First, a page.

From the time we are born, we make choices and enjoy the consequences of those choices. We often associate the word “consequences” with something bad, but it also represents something good happening in our lives. The “good” is a result of a choice or choices that are building blocks or enablers of positive positioning and positive results in the experiences of life.
My father was not known as a leader in the community, in business or even in his neighborhood. Rather, he was an activist who quietly and often anonymously improved the lives of others. His choices were usually simple, yet always consistent. He actively looked for a way to improve the life or outlook of others and rarely failed to immediately act on an opportunity. Frequently, his actions consisted of only a few kind words spoken to address an area in the personality of his contact that was shunned or ignored by others. On some occasions, he gave all the money he had to those in need. A pair of shoes for a twelve year old. A ride and tank of gas for a stranded traveler. He even gave his vehicle to a widow who was struggling to feed her three small children.
Over the years, many new people came into his circle of “friends”. They were from all levels of the social strata. Some were wealthy, some were movie stars and others lived in shacks hidden away along the river or in an orchard. However, most of them were just ordinary people who only needed the polishing of a few kind words or acts to help them reveal their nobility.
The term “Pay It Forward” was first introduced into his vocabulary in 1962 when his vehicle stalled in the center lane of a bridge in Seattle during the evening rush hour. Cars honked, people said things out of their windows and others shook their fists in frustration, but one young man stopped to help.
After years of quietly helping other people, he received a return payment for his way of life. The vehicle was easy to fix. The carburetor was only vapor locked. The young mechanic poured some cool water over the hot fuel system and the vehicle started easily. Dad tried to pay him for his help only to receive the words, “Pay It Forward” to someone else in need”.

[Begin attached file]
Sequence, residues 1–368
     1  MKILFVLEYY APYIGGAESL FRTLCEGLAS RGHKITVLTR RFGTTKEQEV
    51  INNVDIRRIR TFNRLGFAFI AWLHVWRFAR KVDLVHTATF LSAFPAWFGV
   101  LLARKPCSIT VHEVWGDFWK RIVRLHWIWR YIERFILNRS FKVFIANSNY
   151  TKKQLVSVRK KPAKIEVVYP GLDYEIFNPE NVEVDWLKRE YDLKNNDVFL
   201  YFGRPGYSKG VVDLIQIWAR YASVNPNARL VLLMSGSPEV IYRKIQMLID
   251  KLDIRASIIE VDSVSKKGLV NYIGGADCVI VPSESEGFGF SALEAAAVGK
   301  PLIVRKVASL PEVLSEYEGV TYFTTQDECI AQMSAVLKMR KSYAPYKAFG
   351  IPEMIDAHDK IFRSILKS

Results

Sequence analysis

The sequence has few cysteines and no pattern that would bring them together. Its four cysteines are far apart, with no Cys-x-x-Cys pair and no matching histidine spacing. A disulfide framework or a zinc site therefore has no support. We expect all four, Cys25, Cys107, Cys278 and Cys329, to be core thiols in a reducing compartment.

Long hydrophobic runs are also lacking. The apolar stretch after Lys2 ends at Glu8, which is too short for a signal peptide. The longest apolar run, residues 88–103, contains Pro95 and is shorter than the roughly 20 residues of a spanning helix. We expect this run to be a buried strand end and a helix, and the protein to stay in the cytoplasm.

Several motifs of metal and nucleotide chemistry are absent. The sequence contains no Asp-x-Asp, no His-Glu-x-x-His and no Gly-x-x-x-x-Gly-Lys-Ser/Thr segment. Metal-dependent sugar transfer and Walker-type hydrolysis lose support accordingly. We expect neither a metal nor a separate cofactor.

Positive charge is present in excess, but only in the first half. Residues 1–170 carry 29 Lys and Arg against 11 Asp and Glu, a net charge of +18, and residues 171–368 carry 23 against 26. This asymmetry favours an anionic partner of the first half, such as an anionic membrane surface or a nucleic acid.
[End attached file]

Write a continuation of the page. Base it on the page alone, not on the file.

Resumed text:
Like ripples from a rock thrown into a peaceful lake, the good deeds of a lifetime had reflected off the far shore and had come back to help in a time of need. It was time to send them out again and continue to “Pay It Forward”.
During the visitation at his funeral, our family was astounded to be greeted by hundreds of people from all over the western United States who had come to pay their respect. We didn’t know most of them but the visitors all had stories to tell about how they were helped by our deceased father and husband.
Many of the visitors had only met him once, but the interaction had established a life-long feeling of friendship. They came from all walks of life. There were mayors, truck drivers, waitresses, a man on parole, a bank president, an attorney, and hundreds of other occupations. Their stories were as varied as the personalities telling them. Enthralled, we listened for hours.
One ‘friend’ was a police officer whose life had been saved, another had driven 16 hours non-stop from northern California to make it in time for the funeral. He explained that he received a hot meal when he was at the ‘bottom’ from a fellow who quietly walked over and sat by him. He said that he was now a successful husband and father and that his life had turned around after talking to the man at the counter in the bowling alley that day. Retrieving his wallet, he showed the worn, tiny slip of paper on which he’d written the name of his benefactor, saying that he often looked at it when life threatened to harden him.
The stories were new. The impact of repeatedly choosing to perform small positive acts resulted in consequences never imagined. Ripples were almost waves.
Choices. Consequences. They never sleep.
It has been said that the gate of history turns on small hinges, and so do people’s lives. The choices we make determine our destiny. -– Thomas S. Monson
"I shall be telling this with a sigh
somewhere ages and ages hence;
two roads diverged in a wood, and I,
I took the one less traveled by,
and that has made all the difference."
-- Robert Frost, poet
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